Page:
Ullmann’s deal with Berger was necessary because of post-World War II British restrictions on toy importations. This was overcome by leasing American moulds and bringing tooling in from the US. Ullmann made additional use of the moulds and tooling in what had become West Germany. Ullmann also won exclusive British distribution rights for US toy brands, such as those associated with Berger.
Samuel Irving Berger was born Newark, New Jersey on August 9, 1889, and died in 1970, aged 81. He designed toy typewriters on commission for Marx and Mettoy (and Mettype) as well as his own companies, Berwin and Unique. Edwin Irving Berger was born in New Jersey on May 16, 1923.
There is hardly a mention of Sammy Berger on the web. An incorrect reference to him being called “Sammy Bergman” and a one-time close friend of Louis Marx, has been compounded over the years by repeated use. Readers of this post will now be able to get the story right.
Berger and Marx had a falling out in the late 1940s, over competing toy train designs. Berger, who had also been producing toy typewriters under his Berwin brand name, then started marketing toy typewriters branded by another of his companies, Unique.
Marx and Berger had previously cooperated, with Marx providing tooling to Unique and sometimes acting as a distributor for Unique's products.  In 1949, Unique began producing lithographed tin O-gauge toy trains, using tooling of its own design along with some recycled tooling from the defunct Dorfan Company. Unique sold its trains in inexpensive boxed sets like Marx. Marx saw this as a betrayal and responded with a new line similar in size to Unique's, but with lithography that looked more realistic. Unique found itself unable to compete, and withdrew its trains from the marketplace by 1951.  Marx also moved production of  toy typewriters to Japan in order to undercut Unique's price.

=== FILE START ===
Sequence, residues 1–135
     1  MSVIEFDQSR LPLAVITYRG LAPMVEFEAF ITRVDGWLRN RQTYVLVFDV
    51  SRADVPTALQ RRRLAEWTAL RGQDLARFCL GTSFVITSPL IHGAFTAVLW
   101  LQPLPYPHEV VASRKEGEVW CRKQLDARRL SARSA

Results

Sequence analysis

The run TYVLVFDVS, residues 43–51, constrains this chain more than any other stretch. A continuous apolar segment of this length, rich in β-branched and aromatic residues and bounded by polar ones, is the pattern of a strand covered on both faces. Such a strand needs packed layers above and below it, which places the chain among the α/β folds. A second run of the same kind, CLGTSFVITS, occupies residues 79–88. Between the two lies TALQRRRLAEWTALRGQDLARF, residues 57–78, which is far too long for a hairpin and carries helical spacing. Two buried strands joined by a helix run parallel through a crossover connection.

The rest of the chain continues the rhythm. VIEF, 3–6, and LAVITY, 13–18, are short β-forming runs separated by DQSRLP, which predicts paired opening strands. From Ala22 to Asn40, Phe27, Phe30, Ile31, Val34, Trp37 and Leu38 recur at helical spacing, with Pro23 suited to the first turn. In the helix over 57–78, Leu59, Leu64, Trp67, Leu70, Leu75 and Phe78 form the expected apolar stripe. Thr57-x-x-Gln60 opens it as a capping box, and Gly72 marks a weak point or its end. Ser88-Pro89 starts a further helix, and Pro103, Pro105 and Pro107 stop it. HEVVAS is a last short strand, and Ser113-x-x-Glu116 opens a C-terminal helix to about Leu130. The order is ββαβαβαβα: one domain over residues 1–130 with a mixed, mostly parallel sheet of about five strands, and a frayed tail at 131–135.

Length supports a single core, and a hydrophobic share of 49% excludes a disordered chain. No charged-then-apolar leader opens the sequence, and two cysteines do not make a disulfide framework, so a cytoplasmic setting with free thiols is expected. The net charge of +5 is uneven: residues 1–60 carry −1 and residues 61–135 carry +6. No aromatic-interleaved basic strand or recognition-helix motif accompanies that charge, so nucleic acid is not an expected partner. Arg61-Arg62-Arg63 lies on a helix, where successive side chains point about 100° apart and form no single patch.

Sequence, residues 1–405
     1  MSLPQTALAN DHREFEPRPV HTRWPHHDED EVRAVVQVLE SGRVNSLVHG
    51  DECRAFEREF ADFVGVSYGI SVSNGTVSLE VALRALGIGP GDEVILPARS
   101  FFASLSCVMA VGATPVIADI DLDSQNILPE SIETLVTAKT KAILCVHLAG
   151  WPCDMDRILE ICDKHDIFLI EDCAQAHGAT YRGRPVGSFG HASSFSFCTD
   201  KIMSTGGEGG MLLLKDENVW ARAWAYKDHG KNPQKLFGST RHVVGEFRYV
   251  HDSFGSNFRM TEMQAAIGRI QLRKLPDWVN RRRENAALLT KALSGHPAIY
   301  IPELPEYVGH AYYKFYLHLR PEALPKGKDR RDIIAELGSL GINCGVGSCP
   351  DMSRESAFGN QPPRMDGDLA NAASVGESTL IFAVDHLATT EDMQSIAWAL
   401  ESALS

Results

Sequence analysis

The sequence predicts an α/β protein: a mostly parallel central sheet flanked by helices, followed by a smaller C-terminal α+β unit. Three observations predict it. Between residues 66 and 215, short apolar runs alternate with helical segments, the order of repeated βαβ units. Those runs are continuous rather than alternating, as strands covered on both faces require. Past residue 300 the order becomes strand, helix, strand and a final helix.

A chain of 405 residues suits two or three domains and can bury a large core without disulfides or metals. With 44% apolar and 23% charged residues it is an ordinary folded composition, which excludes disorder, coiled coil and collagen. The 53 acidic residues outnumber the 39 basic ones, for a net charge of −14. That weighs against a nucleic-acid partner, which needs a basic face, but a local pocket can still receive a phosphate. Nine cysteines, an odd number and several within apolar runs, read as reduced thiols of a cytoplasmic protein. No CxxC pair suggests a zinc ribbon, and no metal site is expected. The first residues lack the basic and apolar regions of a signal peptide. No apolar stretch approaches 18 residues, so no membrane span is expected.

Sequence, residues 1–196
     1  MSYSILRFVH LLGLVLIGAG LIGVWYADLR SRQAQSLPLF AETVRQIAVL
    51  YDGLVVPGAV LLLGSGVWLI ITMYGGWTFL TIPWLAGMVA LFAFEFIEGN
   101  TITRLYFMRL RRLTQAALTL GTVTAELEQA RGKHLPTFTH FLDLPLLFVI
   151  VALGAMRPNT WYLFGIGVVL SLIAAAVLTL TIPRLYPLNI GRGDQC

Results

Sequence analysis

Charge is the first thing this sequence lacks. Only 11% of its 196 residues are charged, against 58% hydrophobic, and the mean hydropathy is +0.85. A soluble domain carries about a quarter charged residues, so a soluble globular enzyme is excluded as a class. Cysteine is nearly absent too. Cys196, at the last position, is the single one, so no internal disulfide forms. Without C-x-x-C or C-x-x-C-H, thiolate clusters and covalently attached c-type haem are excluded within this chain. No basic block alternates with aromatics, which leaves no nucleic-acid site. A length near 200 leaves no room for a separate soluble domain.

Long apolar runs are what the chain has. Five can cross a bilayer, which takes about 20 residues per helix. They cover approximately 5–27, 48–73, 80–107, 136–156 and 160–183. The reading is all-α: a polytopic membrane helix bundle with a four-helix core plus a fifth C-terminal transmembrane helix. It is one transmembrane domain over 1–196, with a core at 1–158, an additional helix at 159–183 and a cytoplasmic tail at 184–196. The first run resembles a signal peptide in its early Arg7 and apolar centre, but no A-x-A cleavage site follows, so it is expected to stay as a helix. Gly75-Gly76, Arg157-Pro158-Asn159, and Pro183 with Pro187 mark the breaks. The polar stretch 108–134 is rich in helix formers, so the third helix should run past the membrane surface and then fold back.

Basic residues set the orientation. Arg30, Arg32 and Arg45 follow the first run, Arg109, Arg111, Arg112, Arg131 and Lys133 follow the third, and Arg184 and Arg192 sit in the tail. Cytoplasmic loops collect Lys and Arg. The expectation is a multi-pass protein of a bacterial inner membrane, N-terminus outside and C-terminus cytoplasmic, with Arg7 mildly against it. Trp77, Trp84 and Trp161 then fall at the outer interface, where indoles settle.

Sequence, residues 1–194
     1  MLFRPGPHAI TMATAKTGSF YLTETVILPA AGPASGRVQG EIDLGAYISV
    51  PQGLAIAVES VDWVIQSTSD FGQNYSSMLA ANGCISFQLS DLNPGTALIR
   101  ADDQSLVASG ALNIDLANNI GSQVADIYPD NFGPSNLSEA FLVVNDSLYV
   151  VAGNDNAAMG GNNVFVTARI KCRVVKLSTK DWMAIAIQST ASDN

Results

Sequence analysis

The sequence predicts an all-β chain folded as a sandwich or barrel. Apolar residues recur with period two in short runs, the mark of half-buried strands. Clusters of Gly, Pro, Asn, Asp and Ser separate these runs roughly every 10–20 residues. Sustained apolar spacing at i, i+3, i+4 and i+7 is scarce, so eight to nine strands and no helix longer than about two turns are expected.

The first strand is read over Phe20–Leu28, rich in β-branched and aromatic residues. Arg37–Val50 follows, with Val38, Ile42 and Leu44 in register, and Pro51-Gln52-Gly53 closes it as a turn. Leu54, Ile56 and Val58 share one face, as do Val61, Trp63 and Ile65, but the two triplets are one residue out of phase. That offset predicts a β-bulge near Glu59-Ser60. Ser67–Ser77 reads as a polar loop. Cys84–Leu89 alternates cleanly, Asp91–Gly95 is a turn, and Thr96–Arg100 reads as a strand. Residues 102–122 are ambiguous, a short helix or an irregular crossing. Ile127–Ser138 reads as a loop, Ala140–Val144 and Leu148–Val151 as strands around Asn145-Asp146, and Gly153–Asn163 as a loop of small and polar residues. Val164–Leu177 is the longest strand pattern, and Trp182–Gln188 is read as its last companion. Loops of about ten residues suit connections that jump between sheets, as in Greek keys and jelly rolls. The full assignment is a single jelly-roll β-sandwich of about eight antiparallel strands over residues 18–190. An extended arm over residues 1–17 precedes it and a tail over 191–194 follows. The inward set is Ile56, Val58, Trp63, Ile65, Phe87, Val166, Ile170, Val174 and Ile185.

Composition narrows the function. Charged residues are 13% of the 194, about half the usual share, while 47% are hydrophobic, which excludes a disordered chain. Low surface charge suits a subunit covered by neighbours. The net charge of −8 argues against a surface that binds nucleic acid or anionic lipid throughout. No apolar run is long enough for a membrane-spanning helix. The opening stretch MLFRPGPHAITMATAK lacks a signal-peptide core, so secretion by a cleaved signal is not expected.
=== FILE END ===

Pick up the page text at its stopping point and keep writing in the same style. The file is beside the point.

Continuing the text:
But getting back to Tipp & Co: It was founded by a woman we only know as Miss Tipp and a man called Carstens, with Philipp Ullmann as manager.  The founders apparently became Mr and Mrs Carstens. Ullmann succeeded Carstens as managing director in 1913, took a controlling interest, and after World War I, in 1919, became sole owner.
Arthur Katz
In 1920, the then eight-year Johannesburg-born Arthur Katz moved to Germany with his mother, Ullmann’s cousin, after his father had died. Katz completed his schooling and started work at Tipp & Co, by then established in Fürth, outside Nuremberg. In 1933, Katz, who being South African-born had a British passport, fled Nazi persecution by moving to England.